Singles, clips and rap flashbacks.

Strokes Folks: Nickel Eye is the latest side project from members of The Strokes.

Here’s some tips on unearthing great new music from the Internet and bits of breaking music news. Go to to view the video clip of the week.

Single of the Week:

“Brandy of the Damned,” Nickel Eye

Though The Strokes haven’t put out a CD since 2006’s First Impressions of Earth, three of the band’s members have been immersed in side projects. Guitarist Albert Hammond Jr. released his second album this summer, while drummer Fabrizio Moretti debuted his Little Joy project this fall with a low key but catchy self-titled pop nugget.

Bassist Nikolai Fraiture got in on the act when his new band Nickel Eye – get it? – dropped The Time of the Assassins this past Tuesday. You can get a taste by downloading “Brandy of the Damned” from music sites like iTunes, Shockhound, Amazon and Zune. It sounds like the mix of rock and reggae by bands like The Clash and Blondie. Over an elastic bassline, Fraiture sings fighting words: “Don’t let them get you down/They will step on you to get to get to higher ground.”

Clip of the Week:

“Cappuccino,” The Knux

During the ’80s, bands loved making music videos set in classrooms. Van Halen made the uproarious “Hot For Teacher” video, with an elementary school class that had strip club atmosphere and The Police’s “Don’t Stand So Close to Me” showed sexual tension between a teacher and a student.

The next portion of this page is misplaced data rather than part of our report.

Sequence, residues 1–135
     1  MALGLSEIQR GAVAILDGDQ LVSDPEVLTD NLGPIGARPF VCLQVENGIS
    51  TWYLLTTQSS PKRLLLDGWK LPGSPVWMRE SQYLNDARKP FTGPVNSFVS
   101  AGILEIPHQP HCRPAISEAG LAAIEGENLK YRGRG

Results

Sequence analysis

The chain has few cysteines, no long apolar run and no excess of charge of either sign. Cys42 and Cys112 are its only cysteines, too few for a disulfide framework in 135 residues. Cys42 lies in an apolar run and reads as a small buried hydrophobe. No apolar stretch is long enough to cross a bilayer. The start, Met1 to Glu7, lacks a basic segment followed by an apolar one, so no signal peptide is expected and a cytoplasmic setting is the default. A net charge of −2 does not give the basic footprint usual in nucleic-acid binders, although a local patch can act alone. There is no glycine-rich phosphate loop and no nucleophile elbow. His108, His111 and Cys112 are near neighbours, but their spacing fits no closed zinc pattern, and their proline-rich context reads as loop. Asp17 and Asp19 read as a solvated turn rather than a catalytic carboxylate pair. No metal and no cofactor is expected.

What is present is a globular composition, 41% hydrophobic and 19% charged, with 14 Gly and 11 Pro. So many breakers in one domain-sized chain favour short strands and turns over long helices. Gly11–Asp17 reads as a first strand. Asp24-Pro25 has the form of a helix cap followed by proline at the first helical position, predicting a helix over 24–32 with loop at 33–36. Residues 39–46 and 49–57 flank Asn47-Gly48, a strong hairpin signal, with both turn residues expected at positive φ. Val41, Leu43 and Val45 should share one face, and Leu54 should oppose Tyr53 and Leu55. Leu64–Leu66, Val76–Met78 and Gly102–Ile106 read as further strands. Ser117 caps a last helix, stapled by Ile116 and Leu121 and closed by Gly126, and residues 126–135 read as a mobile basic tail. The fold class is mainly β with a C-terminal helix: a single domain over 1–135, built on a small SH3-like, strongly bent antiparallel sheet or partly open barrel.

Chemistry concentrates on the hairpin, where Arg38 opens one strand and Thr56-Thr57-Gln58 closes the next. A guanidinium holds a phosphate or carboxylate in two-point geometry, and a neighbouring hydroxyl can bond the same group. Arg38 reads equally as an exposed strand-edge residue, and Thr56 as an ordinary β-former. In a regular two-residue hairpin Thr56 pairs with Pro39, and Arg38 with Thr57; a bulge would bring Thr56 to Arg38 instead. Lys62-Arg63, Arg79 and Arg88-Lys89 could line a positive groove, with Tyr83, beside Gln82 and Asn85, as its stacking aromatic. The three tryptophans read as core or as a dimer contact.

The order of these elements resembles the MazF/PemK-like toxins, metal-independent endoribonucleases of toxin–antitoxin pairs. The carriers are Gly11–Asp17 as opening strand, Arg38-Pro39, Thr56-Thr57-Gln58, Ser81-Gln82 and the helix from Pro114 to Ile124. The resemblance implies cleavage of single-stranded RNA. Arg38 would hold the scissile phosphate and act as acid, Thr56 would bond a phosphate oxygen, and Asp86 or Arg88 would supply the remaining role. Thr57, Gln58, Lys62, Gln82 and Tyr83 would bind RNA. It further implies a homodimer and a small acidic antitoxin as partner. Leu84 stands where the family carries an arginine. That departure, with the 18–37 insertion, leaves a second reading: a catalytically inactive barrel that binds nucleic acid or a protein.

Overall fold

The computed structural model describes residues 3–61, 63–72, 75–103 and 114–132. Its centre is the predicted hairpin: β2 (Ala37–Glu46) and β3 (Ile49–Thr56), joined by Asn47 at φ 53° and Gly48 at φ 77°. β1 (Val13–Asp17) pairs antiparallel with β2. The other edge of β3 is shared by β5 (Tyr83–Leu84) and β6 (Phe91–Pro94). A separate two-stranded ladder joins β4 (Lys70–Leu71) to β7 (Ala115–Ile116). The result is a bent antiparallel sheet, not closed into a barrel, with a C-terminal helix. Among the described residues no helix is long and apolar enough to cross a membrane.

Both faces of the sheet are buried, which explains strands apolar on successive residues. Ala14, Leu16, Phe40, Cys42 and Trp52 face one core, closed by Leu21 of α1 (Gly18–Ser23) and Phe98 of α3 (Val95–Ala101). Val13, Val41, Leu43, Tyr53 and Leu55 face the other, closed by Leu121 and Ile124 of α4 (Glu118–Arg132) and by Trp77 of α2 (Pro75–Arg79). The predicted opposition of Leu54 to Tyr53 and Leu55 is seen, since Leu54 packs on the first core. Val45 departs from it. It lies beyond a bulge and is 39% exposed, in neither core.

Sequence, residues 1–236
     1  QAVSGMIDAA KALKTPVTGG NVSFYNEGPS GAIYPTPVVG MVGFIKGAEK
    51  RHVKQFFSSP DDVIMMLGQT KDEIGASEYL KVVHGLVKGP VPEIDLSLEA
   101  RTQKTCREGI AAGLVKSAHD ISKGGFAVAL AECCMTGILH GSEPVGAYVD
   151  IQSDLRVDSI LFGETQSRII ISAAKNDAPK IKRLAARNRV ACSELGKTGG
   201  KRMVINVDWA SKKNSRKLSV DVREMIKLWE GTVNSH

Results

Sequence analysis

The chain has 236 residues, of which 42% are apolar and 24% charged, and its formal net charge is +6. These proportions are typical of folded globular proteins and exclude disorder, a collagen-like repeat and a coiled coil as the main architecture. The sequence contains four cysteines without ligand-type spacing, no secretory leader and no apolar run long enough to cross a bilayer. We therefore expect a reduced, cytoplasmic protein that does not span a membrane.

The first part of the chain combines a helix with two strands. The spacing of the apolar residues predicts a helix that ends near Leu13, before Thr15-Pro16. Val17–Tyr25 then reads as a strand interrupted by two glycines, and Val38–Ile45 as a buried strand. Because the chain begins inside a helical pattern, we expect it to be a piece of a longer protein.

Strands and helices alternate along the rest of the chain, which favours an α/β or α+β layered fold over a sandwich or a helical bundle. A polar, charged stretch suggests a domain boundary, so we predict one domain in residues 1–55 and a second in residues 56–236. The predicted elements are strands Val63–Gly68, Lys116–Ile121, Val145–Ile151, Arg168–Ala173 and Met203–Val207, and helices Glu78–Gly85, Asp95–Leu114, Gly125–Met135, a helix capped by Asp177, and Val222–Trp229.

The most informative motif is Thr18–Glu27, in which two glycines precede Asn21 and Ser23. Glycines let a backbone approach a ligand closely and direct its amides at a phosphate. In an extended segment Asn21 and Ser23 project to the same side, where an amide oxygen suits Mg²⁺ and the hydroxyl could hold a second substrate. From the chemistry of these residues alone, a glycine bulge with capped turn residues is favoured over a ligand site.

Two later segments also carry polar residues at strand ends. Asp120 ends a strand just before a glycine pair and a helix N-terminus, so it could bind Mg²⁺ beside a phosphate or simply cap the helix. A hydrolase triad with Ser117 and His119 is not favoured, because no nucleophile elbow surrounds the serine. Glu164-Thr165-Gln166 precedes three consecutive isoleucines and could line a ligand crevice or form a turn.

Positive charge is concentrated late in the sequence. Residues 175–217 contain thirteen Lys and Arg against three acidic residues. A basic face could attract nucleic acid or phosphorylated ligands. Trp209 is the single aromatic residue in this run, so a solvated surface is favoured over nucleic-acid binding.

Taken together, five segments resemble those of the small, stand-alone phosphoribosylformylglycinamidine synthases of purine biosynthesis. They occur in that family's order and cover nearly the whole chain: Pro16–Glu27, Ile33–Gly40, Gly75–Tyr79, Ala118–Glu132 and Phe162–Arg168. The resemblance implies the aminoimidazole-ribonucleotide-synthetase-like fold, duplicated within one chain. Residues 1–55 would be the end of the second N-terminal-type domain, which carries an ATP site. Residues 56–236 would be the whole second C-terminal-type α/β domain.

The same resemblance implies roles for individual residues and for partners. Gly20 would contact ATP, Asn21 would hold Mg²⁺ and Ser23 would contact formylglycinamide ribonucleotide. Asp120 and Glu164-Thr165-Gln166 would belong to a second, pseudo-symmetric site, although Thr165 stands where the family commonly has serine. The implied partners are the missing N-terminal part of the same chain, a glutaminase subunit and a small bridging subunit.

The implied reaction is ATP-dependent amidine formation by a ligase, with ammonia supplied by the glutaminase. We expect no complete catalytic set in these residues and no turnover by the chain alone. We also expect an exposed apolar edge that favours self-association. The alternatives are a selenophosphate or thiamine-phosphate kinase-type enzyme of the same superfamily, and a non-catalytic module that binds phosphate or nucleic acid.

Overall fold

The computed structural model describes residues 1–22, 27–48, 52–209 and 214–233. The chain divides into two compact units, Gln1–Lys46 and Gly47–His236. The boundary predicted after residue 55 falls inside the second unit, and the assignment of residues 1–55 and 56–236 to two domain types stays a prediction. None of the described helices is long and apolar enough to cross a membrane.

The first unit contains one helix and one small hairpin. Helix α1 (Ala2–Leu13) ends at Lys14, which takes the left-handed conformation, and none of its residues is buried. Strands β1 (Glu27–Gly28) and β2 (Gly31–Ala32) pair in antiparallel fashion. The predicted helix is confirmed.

Now, New Orleans based hip-hop duo The Knux’s “Cappuccino” video includes a teacher with a possibly fatal case of geekiness and a bunch of rowdy students soaring paper airplanes and blasting music from a boombox. The song’s catchy, often-repeated chorus, “I need a fresh cappuccino with a mocha twist,” shows that the sibling duo might be the rightful heirs to Outkast’s creative hip-hop throne.

Flashback CD of the Week:

Black on Both Sides, Mos Def

With excitement growing towards Mos Def’s Feb. 9 release of his fourth CD, The Ecstatic, now is a good time to take a look at his first and best release, 1999’s Black on Both Sides. Before Mos Def was an actor starring in Hollywood films like The Hitchhiker’s Guide to the Galaxy, he was a hungry hip-hop artist from Brooklyn. Much more than straight hip hop, Black on Both Sides dips into jazzy sounds on “Umi Says,” which was later used in an Air Jordan commercial, and full-fledged punk rock on the burning final minute of “Rock ‘N’ Roll.” The hip-hop numbers tackle unconventional subject matter like “New World Water,” which includes rhymes about the growing world-wide water shortage. Mos Def’s laser-sharp lyrics and deft rapping ability have never been on better display than during the sweeping, orchestral “Hip-Hop,” though the song foreshadows the rapper’s future immersion in acting at the expense of his music. The song ends with the prophetic lines: “Hip-hop will simply amaze you/Craze you, pay you/Do whatever you say do/But black, it can’t save you.”


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